Google has predicted advertisements could soon be featured on places such as refrigerators and watches, in a bid to capitalise on the roll-out of ‘smart’ appliances. In a December 2013 letter to the US Securities and Exchange Commission, released earlier this week, the tech giant said it expects to see itself and other companies develop advertising on devices beyond mobile phones. “We expect the definition of ‘mobile’ to continue to evolve as more and more ‘smart’ devices gain traction in the market,” the letter reads. “For example, a few years from now, we and other companies could be serving ads and other content on refrigerators, car dashboards, thermostats, glasses and watches, to name just a few possibilities,” said the company. In the letter, Google described this approach as “device-agnostic”. This means rather than traditional desktop or tablet marketing campaigns, advertisers’ campaigns will not be tied to a particular device. Michelle Gamble, founder and chief executive of Marketing Angels, told SmartCompany she isn’t shocked by Google’s suggestion that advertising could intrude further into the home. “I think we’re already seeing it,” says Gamble. “It’s the price you pay for having amazing technology offered to you very cheaply. As things have gotten cheaper and moved to the cloud, you’re starting to see advertising being integrated into your applications more and more,” she says. Gamble says consumers could react negatively at first, but examples such as Facebook jumping on the advertising bandwagon show that if the product is good enough, people will eventually get used to the idea. “I think there will be a bunch of early adopters that will rally against it, but much like anything else they’ll eventually accept it,” says Gamble. “Consumers are always going to protest against more advertising. But they’re certainly not going to stop paying for a service they’re hooked on,” she says. They key here is striking a balance between the advertiser and consumer, says Gamble. “One thing Google has always done though is put the user first,” she says. “They’re great at technology and rolling out new ideas, and quickly canning them if they don’t work. I’m sure they’ll somehow find the right balance between pushing advertising onto the consumer and interrupting the consumer too much.”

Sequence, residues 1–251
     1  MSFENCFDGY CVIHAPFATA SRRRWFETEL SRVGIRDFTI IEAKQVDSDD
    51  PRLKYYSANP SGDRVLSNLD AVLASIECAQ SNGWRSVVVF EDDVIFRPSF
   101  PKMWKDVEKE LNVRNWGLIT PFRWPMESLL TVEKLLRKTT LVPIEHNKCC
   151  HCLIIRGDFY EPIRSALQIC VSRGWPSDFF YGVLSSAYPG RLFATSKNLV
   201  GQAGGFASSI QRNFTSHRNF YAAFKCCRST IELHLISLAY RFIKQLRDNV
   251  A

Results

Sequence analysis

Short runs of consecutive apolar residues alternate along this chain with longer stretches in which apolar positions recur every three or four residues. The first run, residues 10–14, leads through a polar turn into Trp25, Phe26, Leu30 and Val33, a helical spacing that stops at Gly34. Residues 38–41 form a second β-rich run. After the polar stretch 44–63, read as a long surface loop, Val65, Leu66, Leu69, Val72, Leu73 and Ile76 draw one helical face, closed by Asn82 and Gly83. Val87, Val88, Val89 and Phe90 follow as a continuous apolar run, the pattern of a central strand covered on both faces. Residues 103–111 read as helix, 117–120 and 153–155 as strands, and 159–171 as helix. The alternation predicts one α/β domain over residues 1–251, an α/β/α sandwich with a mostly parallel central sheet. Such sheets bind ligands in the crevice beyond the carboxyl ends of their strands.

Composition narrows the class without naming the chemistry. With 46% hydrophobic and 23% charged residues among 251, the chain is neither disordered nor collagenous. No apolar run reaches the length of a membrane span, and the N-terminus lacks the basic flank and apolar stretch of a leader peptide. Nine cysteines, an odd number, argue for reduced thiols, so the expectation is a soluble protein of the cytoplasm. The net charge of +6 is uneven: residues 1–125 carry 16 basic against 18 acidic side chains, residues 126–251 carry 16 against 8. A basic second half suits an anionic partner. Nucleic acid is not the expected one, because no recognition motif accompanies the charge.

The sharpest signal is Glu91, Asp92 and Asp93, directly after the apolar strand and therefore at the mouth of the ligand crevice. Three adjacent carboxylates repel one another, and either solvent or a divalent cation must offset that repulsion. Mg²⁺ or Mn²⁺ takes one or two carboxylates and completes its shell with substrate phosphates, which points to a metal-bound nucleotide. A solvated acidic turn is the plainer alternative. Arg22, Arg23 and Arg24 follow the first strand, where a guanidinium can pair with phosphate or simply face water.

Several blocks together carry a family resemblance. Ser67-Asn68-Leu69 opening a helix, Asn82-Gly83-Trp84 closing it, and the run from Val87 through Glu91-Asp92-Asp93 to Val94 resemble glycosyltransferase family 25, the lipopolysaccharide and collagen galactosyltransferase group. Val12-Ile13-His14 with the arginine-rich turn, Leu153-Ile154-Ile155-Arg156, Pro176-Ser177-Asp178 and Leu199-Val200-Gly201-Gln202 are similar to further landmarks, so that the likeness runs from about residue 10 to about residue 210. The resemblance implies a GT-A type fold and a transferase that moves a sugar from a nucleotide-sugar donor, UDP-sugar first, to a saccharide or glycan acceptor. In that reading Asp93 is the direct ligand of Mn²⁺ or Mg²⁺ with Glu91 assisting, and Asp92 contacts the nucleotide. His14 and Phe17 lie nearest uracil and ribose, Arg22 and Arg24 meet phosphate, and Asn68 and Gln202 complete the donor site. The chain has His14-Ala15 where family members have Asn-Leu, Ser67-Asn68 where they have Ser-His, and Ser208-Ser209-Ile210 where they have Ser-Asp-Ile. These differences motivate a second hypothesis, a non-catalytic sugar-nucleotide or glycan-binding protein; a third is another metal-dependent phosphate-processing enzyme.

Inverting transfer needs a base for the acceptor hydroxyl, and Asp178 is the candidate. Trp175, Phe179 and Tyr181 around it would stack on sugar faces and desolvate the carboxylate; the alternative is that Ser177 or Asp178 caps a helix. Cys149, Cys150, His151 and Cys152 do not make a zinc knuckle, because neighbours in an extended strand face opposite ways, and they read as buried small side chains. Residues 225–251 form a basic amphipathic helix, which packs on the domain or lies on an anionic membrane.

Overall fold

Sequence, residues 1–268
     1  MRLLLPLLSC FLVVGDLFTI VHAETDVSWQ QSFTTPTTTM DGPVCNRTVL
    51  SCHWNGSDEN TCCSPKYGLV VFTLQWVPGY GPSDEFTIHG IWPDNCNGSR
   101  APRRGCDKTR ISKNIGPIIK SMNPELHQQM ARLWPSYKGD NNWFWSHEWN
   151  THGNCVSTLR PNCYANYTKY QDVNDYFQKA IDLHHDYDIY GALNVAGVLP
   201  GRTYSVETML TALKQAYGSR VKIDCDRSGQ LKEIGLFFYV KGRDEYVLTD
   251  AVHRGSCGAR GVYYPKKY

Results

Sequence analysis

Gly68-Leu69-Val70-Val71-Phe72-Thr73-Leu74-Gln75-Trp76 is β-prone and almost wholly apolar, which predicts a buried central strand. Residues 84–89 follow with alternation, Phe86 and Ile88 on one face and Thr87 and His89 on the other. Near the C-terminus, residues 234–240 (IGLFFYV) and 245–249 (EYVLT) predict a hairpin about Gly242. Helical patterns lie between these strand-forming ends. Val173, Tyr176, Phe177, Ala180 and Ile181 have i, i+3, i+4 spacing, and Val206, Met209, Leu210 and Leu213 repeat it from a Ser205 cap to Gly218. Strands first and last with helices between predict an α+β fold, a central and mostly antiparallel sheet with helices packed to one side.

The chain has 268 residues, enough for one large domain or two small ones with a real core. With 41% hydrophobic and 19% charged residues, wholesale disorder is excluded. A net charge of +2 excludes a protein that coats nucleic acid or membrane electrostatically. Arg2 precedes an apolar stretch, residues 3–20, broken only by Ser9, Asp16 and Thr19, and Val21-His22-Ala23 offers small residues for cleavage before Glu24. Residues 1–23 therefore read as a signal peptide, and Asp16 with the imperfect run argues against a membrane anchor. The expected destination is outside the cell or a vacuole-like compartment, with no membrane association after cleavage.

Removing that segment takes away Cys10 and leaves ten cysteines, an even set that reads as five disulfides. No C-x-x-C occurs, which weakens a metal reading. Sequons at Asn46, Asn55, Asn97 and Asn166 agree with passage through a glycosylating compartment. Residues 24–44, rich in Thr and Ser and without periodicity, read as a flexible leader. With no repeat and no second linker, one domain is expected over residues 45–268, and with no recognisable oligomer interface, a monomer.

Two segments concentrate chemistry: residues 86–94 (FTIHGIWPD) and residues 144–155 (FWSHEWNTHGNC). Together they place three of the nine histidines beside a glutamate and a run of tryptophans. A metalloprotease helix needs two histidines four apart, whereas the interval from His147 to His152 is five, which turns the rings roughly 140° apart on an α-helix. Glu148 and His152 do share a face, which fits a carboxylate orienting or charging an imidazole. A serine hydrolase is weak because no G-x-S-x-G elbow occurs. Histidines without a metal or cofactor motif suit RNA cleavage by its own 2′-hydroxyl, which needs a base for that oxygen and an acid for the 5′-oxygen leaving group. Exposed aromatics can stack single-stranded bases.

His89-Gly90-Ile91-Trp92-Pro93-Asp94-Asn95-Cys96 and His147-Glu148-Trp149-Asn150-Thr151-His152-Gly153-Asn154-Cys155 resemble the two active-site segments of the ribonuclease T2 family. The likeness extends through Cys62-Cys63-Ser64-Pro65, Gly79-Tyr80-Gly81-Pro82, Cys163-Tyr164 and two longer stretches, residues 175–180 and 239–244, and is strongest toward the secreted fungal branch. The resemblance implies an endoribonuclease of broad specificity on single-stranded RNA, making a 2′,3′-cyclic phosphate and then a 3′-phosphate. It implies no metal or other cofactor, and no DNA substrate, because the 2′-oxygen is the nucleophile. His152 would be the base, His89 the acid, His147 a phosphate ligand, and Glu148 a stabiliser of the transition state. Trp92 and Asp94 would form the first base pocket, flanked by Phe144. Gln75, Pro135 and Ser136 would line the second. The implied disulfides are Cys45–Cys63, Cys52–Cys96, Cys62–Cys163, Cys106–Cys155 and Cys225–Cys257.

Samsung is developing a VR headset for its phones and tablets. Sources told Engadget a Samsung VR headset is not only under development by the company’s mobile division, but it’s set to be announced this year. The urgency is said to be in order to beat Facebook’s Oculus Rift and Sony’s Project Morpheus to market. More problems for Apple’s iMessage The problem of having text messages trapped in the cloud when customers move a phone number from an iPhone to an Android has been made worse. A recent server glitch undermined one of Apple’s key methods of trying to fix the issue. The company says a fix is coming, although it hasn’t indicated when. The matter is now the subject of legal action by a Californian woman who is seeking class-action status against Apple. The suit claims Apple has violated California’s unfair competition law and also interferes with a wireless carrier’s abilities to deliver its promised service to customers. HP to cut up to 16,000 jobs The company reported results for its second fiscal quarter with sales figures slightly below expectations. HP says it expects to add to the 34,000 job cuts it announced in 2012. Between 11,000 and 16,000 more jobs are expected to go. Overnight The Dow Jones Industrial Average is up 10.02 to 16,543.08. The Australian dollar is trading at US92 cents.